White House details ‘buy American’ plan

By Mike Lee | 02/08/2023 01:24 PM EST

The proposal was among the most popular during the State of the Union address, but pushback is already emerging.

President Joe Biden talks with people after the State of the Union address.

President Joe Biden after delivering his second State of the Union address Tuesday night. Jacquelyn Martin/ AP Photo

President Joe Biden drew unusual bipartisan applause during his State of the Union speech when he called for rebuilding the nation’s crumbling infrastructure using entirely American-made materials, and the White House released more details Wednesday morning.

The administration wants new standards for projects funded with the 2021 Infrastructure Investment and Jobs Act. The standards would require that projects be built with material manufactured in the U.S.

“When we do these projects, and again I get criticized for this but I make no excuses for it, we’re gonna buy American,” Biden said Tuesday night, rattling off a list of materials. “Lumber. Glass. Drywall. Fiber optic cable.”


While the buy American provisions have generated some pushback, the administration is portraying them as a key to boosting U.S. manufacturing jobs. Speaker Kevin McCarthy (R-Calif.) applauded when Biden mentioned the issue, along with some members of the House GOP.

The proposed standards are being developed by the Office of Management and Budget and will replace temporary rules that have been in place since the infrastructure law was enacted. OMB is seeking comments and guidance on how to best define “American made.”

The rules would allow federal agencies to waive the sourcing requirements in certain cases if American-made materials are unavailable or because of high costs, according to the OMB proposal.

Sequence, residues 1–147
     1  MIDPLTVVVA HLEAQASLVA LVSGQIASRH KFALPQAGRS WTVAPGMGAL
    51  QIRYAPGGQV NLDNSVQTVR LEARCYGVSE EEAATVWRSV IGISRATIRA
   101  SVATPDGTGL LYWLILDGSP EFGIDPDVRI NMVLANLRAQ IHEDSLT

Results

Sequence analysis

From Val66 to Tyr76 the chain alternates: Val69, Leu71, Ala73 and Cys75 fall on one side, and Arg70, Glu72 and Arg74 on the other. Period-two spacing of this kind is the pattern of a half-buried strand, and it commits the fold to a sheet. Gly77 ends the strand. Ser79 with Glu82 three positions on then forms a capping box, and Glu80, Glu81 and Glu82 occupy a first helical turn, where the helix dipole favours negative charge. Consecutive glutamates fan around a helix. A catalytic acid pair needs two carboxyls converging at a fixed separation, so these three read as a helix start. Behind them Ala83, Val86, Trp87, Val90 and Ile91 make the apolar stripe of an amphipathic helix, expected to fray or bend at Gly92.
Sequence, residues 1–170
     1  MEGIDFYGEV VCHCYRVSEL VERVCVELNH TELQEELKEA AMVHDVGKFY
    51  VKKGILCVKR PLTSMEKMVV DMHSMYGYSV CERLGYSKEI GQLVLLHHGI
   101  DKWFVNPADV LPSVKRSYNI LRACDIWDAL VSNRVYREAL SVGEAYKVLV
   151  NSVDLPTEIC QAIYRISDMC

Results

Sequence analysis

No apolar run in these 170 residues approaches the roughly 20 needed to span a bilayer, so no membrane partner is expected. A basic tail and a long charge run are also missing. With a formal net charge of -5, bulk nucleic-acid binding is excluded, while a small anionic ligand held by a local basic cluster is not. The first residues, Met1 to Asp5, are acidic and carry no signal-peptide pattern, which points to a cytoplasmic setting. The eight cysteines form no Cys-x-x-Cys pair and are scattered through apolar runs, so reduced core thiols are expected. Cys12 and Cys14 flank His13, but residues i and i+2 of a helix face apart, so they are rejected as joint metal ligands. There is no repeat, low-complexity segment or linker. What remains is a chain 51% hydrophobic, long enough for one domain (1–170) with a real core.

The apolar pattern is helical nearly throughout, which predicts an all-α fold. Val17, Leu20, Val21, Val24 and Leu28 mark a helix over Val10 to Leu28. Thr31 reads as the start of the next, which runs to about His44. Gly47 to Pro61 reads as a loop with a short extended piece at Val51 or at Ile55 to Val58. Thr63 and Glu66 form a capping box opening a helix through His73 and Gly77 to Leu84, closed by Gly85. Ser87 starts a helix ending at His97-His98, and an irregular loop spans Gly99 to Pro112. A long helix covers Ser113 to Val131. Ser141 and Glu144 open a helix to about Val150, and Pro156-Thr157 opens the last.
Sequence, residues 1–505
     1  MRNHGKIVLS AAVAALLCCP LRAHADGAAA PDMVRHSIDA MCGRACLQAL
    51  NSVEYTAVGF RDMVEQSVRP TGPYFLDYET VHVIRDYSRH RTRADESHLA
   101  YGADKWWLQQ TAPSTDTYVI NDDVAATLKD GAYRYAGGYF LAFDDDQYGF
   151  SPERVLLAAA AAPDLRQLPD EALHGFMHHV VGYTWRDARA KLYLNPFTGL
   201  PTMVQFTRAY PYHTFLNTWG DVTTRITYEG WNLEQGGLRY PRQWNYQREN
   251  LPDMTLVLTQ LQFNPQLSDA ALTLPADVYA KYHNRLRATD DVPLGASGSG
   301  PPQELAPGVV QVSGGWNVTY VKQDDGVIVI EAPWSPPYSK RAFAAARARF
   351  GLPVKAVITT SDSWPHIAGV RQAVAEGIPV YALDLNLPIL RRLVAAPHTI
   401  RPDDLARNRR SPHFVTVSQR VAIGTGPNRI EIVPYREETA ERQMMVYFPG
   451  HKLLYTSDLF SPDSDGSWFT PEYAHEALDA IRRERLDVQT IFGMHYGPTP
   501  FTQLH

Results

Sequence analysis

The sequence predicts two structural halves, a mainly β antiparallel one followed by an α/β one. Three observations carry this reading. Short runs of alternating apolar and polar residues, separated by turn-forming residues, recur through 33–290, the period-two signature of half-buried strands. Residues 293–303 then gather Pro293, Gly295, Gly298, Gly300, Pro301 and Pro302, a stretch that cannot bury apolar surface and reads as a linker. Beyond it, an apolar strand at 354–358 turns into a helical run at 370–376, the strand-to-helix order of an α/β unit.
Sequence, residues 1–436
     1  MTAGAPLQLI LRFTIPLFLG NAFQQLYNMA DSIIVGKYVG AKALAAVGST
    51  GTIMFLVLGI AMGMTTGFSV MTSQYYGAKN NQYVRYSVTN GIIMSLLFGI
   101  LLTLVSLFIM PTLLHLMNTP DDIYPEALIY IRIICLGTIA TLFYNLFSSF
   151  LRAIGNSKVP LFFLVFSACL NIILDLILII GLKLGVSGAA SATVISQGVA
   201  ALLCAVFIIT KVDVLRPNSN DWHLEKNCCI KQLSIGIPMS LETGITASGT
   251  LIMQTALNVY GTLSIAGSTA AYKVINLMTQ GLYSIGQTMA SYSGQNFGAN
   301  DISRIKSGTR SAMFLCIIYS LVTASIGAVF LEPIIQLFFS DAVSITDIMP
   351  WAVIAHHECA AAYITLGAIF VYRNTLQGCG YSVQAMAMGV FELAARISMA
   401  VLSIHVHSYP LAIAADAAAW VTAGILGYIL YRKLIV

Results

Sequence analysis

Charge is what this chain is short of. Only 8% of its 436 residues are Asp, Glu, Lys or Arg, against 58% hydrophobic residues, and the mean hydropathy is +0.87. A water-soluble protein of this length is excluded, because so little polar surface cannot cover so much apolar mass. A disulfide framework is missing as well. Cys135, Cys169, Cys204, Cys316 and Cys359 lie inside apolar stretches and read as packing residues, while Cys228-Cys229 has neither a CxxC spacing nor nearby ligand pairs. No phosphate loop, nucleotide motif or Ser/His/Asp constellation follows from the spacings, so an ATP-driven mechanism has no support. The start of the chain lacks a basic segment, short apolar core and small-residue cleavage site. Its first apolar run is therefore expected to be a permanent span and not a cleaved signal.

Buy American mandates have already helped the manufacturing sector, which has added 750,000 jobs since Biden took office, Livia Shmavonian, the White House made-in-America director, wrote in a blog post.

“The President believes that when we spend American taxpayers’ dollars, we should support American workers and businesses. Making more products at home creates manufacturing jobs, strengthens supply chains, and helps lower costs,” Shmavonian wrote.

Some construction groups believe otherwise. In September, a coalition of organizations that lobby on water issues asked for a two-year waiver from the rules, saying that the restrictions could slow down construction of clean water projects (Greenwire, Dec. 9, 2022).

The groups argued that the administration had already given a temporary waiver to the electric vehicle sector for construction of new charging stations (Energywire, Sept. 28, 2022). And the broader building industry is worried more generally about the cost of materials.

“The construction industry is facing material challenges that reach far and wide,” Jeff Firth, a representative of Associated General Contractors of America, testified to the House Transportation and Infrastructure Committee earlier this month.

“Supply chain disruptions from the pandemic have inflated the cost of construction materials and made project delivery schedules and product availability more uncertain,” said Firth.

The U.S. is already facing pressure from Canada and other countries that supply building materials. The U.S. imports more than $1 billion a year of Canadian lumber, but the Biden administration doubled its tariffs on Canadian wood products last year because of what it called unfair government subsidies.

The infrastructure law included $550 billion in new spending on everything from water systems to highways, electric vehicle charging and broadband internet. It’s being implemented by a range of federal agencies, including EPA; the Army Corps of Engineers; and the departments of Transportation, the Interior and Commerce.

Biden said the law has already helped fund 20,000 projects, and he highlighted his recent visit to the Brent Spence Bridge near Cincinnati, which connects Ohio and Kentucky. The bridge is being rebuilt with $1.6 billion in federal funds.

Biden touted both the jobs created by the law — he pointed to an ironworker sitting in the House gallery — and the bipartisan impact.

Turning to Republicans in the chamber, he said, “We’ll fund your projects. And I’ll see you at the groundbreaking.”